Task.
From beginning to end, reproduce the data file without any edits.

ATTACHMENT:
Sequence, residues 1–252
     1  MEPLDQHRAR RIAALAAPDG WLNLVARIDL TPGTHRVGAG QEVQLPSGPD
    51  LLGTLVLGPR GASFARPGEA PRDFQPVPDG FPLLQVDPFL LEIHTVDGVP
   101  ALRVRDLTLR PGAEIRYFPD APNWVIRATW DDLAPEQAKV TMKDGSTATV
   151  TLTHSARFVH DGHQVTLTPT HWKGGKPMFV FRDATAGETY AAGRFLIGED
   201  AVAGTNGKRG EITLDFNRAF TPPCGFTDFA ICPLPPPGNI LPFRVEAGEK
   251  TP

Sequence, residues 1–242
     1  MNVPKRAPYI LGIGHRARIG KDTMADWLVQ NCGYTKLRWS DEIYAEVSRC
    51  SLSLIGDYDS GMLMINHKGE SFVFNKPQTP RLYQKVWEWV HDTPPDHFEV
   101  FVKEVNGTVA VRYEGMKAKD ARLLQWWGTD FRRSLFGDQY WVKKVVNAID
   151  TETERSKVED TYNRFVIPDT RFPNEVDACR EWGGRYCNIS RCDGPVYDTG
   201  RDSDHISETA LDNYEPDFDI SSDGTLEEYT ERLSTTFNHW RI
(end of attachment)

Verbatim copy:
Sequence, residues 1–252
     1  MEPLDQHRAR RIAALAAPDG WLNLVARIDL TPGTHRVGAG QEVQLPSGPD
    51  LLGTLVLGPR GASFARPGEA PRDFQPVPDG FPLLQVDPFL LEIHTVDGVP
   101  ALRVRDLTLR PGAEIRYFPD APNWVIRATW DDLAPEQAKV TMKDGSTATV
   151  TLTHSARFVH DGHQVTLTPT HWKGGKPMFV FRDATAGETY AAGRFLIGED
   201  AVAGTNGKRG EITLDFNRAF TPPCGFTDFA ICPLPPPGNI LPFRVEAGEK
   251  TP

Sequence, residues 1–242
     1  MNVPKRAPYI LGIGHRARIG KDTMADWLVQ NCGYTKLRWS DEIYAEVSRC
    51  SLSLIGDYDS GMLMINHKGE SFVFNKPQTP RLYQKVWEWV HDTPPDHFEV
   101  FVKEVNGTVA VRYEGMKAKD ARLLQWWGTD FRRSLFGDQY WVKKVVNAID
   151  TETERSKVED TYNRFVIPDT RFPNEVDACR EWGGRYCNIS RCDGPVYDTG
   201  RDSDHISETA LDNYEPDFDI SSDGTLEEYT ERLSTTFNHW RI